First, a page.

Thursday, 15 March 2018

Approaching Infinity Part Twelve: Ant-Man (2015)

Following on from their second Big Team adventure, Marvel marks another X on its Avengers Roster bingo card with a weirdly and refreshingly low-key solo film. Ant-Man caught me off-balance a little bit, as this really wasn't a character I had any specific feelings about going in. Can't complain too loudly about what we got here - although the few flashes of Edgar Wright we get really have me wondering what Ant-Man could've been if Marvel hadn't crushed his soul quite so comprehensively.

The Villain
Okay, so - Darren Cross is a paint-by-numbers MCU Evil Shadow, partially redeemed by some very interesting character work and a really tightly-wound performance. As Yellowjacket, he's really not much more than a Mortal Kombat palette-swap of the hero (Nega Scott Lang, to cram in a clumsy Edgar Wright reference). Yellowjacket is Ironmonger to Ant-Man's Iron Man - a needlessly evil upgraded version of the hero with no plan and nothing to gain, who still fights the hero out of... dunno. He's a sledgehammer with no purpose but to destroy.

As Darren Cross, though, he's a scalpel - a supremely competent bad guy struggling with betrayal and desertion by a father figure who pushed him away out of fear of his own darker side. He's complex and motivated, with a criminal mind and a child's temper. His primary plan is to get rich, sure - but more importantly, to do it in a way that proves his superiority over his own fallen mentor.

When that doesn't work out, he decides to threaten a child and murder a train set instead.

The Story
I think this is probably the first MCU film that made me want to care about the protagonist's personal life. I never accumulated enough fucks, for example, to spare one for whether Steve Rogers and Peggy Carter ever hooked up. Iron Man 2 never convinced me that Stark's relationships with his dad or Pepper were worth the screen time they got. Perplexingly, I found myself partially along for the ride with Scott Lang's juggling act between his two families (one nuclear, one criminal). I don't think the flickering romance with Hope Van Dyne was needed, though. She stood up more than well enough without that, and I'm hoping she does even better as The Wasp. That pseudo-relationship seemed a little tacked on compared to everything else that was going on.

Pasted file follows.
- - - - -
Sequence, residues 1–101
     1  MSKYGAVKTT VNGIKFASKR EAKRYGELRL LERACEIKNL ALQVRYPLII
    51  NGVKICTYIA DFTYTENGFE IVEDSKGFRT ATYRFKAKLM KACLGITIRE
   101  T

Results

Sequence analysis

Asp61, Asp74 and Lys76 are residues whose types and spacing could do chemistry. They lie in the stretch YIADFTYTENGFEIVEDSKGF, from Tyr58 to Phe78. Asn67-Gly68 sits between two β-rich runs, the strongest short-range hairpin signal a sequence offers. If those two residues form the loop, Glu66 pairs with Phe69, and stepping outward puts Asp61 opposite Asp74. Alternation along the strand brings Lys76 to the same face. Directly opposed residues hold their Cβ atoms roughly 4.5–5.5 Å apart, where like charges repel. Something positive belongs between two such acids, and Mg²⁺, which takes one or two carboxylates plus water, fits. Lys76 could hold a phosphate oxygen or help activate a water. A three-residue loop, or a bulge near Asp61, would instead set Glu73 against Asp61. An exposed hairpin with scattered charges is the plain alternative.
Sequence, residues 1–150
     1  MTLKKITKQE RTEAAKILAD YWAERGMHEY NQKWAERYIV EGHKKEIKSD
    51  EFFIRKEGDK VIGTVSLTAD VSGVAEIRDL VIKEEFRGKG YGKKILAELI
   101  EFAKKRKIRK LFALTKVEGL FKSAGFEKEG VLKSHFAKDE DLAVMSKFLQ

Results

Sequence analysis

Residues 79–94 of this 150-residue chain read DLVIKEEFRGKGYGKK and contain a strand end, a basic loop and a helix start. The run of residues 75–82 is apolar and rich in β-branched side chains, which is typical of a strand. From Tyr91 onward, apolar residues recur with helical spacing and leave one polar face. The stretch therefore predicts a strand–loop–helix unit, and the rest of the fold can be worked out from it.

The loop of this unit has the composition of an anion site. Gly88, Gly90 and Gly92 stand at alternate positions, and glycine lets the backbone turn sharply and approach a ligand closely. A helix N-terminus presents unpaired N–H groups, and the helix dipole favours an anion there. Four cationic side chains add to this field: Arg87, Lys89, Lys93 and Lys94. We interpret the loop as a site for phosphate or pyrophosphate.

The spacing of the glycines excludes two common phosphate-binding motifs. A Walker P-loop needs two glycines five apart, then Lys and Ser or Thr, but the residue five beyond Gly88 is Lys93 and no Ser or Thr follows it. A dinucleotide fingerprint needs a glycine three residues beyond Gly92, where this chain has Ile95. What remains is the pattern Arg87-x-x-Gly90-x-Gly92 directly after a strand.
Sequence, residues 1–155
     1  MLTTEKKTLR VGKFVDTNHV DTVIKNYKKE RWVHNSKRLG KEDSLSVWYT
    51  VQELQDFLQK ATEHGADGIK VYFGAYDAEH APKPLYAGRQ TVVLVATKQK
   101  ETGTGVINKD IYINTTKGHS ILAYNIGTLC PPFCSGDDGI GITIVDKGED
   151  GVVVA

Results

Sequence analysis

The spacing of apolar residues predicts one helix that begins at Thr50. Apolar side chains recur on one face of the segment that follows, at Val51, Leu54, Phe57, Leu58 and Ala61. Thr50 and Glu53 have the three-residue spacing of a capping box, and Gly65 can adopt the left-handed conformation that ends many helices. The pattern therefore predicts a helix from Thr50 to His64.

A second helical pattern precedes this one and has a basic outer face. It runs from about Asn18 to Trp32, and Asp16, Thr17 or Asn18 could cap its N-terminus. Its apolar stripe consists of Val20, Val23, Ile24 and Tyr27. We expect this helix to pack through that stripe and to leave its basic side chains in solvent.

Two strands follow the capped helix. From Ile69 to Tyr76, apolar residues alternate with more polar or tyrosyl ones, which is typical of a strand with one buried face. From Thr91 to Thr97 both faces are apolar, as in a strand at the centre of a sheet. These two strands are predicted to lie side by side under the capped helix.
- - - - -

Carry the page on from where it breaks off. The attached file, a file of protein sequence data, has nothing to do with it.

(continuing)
Anyway, there's a pretty serviceable MCU story going on in the background of this mash-up of soppy family melodrama and prickly romance. Everyone who needs to have something at stake does, more or less, even though some of that shakes itself apart in the grand finale. Also, there are, like, three heists in this film. That's about three heist films' worth of heists!

The Universe
Ant-Man is noticeably light on Infinity Stones, which is a quality I'm growing to appreciate in MCU films. Despite that, it does put some interesting Marvel-balls into play. Hank Pym's a really nice addition, for one thing. I'm really liking how some familiar faces are being seeded into the universe's history. The prospect of the Wasp is also very cool, and I think a lot of good groundwork was put down for Hope in this film. Beyond that, we put a couple of pieces on the Civil War chessboard with the Falcon fight and the post-credits scene. Which brings us to...

The Stinger
Yup, the Wasp's coming. I wonder if she'll have anything cool to do.

Also, here's a scene from Civil War. Nice!

The Take-Away
It's good to see David Dastmalchian playing something other than a Joker henchman for once. Seriously - he did it in The Dark Knight back in 2008 and again in Gotham in 2017. Also nice to see that Marvel can take a step back from sky-portals every once in a while and do something a little more level-headed. Of course, an argument could be made that letting Hydra get hold of a vial of Pym particles might become a world-ending problem at some point, but these films have a habit of not watching each other too closely, so maybe that's nothing to worry about. 

We're still killing off a lot of our MCU villains, which always feels a little short-sighted. I guess it's not like they're in short supply, though - and they're about to do something very interesting with the next one...

Next: Captain America: Civil War

Wednesday, 14 March 2018

Approaching Infinity Part Eleven: Avengers: Age of Ultron (2015)

I have to say, I was a little unconvinced by this the first go-around. At times dazzling, at other times frustrating, I kinda landed in a place where I was willing to wade through the latter to get to the former. Watching it again, though, the unearned emotional stuff and agonisingly obvious Whedon Swerves are much less of a problem. Let's get a couple of knuckles deep into this thing:

The Villain